Wonder Woman had better scoot over. There’s a new kick-ass superheroine on the block. It’s – dun dun DUN – the Burka Avenger!
Burka Avenger is Pakistan’s first animated female superhero. Created and largely financed by Pakistani pop star Aaron Haroon Rashid (known as Haroon), a goal of the show is to advocate for girls’ education in an area that still sees violent hostility to that basic right.
From the Associated Press:
The Urdu language show is the brainchild of one of Pakistan’s biggest pop stars, Aaron Haroon Rashid — known to many as simply Haroon — who conceived of it as a way to emphasize the importance of girls’ education and teach children other lessons, such as protecting the environment and not discriminating against others. This last point is critical in a country where Islamist militants wage repeated attacks on religious minorities.
“Each one of our episodes is centered around a moral, which sends out strong social messages to kids,” Rashid told The Associated Press in his first interview about the show. “But it is cloaked in pure entertainment, laughter, action and adventure.”
Our protagonist is Jiya, a mild-mannered teacher at an all-girls school. She protects the school against corrupt politicians and an anti-women’s education magician. At night, she slips into her burka – a sleek, ninja-inspired version, of course – and continues to battle her enemies using school supplies, like pencils and books.
It’s interesting that Jiya dons a burka as her superhero outfit. When she’s not in uniform, she doesn’t even wear a head scarf. And since the Taliban forced women to wear the burka, it’s not really seen, in the West at least, as a symbol of empowerment. But according to the Haroon, the burka gives the show a more local feel:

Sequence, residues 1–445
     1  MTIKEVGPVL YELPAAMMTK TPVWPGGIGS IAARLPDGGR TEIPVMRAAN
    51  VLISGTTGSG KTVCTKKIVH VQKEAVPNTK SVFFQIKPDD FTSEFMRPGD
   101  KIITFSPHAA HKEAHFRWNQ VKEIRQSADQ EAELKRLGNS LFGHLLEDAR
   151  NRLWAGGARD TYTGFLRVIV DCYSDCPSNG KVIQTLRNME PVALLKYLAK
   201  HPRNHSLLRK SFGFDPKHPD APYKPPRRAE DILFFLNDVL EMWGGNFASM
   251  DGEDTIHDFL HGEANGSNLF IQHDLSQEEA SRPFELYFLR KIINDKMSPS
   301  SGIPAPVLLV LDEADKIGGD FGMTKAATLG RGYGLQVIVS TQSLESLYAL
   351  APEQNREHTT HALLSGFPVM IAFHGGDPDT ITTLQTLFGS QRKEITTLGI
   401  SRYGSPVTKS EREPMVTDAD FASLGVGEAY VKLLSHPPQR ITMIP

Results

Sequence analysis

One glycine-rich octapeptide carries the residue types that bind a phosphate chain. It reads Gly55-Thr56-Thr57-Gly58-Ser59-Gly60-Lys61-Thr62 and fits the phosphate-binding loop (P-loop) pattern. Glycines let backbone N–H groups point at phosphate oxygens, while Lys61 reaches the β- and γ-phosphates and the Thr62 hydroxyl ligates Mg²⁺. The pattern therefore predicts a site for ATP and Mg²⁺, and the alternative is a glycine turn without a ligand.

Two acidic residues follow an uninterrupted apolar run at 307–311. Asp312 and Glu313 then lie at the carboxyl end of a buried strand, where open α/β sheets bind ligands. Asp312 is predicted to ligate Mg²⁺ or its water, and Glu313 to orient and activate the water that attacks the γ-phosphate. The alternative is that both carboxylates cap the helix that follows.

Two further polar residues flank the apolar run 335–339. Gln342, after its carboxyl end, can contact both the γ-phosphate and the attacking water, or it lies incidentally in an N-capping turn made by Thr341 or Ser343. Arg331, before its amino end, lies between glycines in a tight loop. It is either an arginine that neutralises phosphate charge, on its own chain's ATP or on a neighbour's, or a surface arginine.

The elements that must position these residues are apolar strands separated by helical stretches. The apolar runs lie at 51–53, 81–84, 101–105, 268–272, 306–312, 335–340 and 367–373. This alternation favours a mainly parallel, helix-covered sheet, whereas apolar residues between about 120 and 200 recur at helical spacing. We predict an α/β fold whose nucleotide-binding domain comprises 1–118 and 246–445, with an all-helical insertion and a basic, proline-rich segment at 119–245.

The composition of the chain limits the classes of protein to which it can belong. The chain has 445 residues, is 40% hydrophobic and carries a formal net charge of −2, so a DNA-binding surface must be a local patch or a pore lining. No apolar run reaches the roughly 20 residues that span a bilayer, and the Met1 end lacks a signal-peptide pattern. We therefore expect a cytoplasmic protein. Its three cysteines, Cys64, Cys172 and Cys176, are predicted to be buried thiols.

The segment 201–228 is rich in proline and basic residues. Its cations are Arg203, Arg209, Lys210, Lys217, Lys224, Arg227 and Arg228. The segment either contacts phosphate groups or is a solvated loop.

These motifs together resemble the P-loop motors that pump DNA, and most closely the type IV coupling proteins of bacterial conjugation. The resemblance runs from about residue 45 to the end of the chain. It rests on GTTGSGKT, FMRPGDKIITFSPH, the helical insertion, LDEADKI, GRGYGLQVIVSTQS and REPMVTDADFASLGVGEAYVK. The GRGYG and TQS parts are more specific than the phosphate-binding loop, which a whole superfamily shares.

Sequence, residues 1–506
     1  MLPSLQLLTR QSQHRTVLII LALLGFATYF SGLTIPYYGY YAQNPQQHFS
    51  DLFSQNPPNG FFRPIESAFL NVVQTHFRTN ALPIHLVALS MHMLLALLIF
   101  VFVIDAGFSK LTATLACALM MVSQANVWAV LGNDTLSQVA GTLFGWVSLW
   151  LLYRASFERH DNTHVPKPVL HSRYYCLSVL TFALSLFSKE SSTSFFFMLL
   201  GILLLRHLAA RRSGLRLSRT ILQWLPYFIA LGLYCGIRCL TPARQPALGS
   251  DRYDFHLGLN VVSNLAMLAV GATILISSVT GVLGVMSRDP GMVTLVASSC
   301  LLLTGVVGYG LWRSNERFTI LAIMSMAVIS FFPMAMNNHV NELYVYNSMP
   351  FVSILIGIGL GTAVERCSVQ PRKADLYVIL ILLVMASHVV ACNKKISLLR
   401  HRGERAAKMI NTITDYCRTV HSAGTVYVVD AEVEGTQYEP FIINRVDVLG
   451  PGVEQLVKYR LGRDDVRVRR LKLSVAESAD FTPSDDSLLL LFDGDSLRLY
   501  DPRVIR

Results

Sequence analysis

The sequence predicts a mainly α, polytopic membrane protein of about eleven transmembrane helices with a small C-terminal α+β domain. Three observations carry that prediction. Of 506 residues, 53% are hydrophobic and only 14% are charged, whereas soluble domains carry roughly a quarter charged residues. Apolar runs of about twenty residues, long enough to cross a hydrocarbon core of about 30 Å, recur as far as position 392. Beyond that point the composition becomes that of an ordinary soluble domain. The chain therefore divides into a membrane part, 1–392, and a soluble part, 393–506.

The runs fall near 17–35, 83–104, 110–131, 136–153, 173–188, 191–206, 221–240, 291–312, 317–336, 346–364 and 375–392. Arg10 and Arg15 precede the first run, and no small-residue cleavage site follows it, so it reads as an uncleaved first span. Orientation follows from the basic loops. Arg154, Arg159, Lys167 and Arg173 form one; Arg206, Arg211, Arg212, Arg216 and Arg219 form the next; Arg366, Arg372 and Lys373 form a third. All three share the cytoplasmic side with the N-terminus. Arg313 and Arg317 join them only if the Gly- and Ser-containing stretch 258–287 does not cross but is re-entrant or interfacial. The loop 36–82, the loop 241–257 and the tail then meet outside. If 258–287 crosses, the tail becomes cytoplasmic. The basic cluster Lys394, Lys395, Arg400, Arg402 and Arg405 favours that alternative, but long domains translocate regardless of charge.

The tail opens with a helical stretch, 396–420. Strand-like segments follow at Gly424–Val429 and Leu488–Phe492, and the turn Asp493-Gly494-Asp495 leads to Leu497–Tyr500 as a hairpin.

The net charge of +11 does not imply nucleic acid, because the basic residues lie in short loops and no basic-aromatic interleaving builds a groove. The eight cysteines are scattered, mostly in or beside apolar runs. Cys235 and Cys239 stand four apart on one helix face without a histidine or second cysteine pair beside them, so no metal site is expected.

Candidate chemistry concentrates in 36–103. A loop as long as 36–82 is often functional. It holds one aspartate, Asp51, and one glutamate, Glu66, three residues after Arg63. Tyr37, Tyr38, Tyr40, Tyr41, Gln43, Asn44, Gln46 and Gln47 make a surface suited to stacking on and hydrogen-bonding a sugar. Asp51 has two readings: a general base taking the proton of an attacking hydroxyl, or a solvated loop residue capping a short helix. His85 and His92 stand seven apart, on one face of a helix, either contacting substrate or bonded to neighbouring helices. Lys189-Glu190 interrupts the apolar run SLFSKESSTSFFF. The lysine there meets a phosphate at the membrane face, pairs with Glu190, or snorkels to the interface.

“It’s not a sign of oppression. She is using the burka to hide her identity like other superheroes,” said Rashid. “Since she is a woman, we could have dressed her up like Catwoman or Wonder Woman, but that probably wouldn’t have worked in Pakistan.”
Ha. Fair enough. I imagine skin-tight costumes wouldn’t go over too well with religious conservatives.
As a westerner, I think the choice of the burka can teach other lessons. In the west, we tend to think of women who choose to be modest to have somehow internalized her oppression. Showing skin somehow equals liberation. If a woman is forced to wear a burka, there is obviously a problem. But shaming her and telling her that she’s oppressed when that is what she chooses to wear? That’s not OK, either. I like that Jiya/Burka Avenger is powerful in her burka and her civies. It sends a powerful message. Regardless of how you choose to express yourself, you have value and power. That’s a lesson we could all use.
You can check out the English language trailer below. The show is scheduled to air on Geo TV in August.
Photo Credit: YouTube / Burka Avenger
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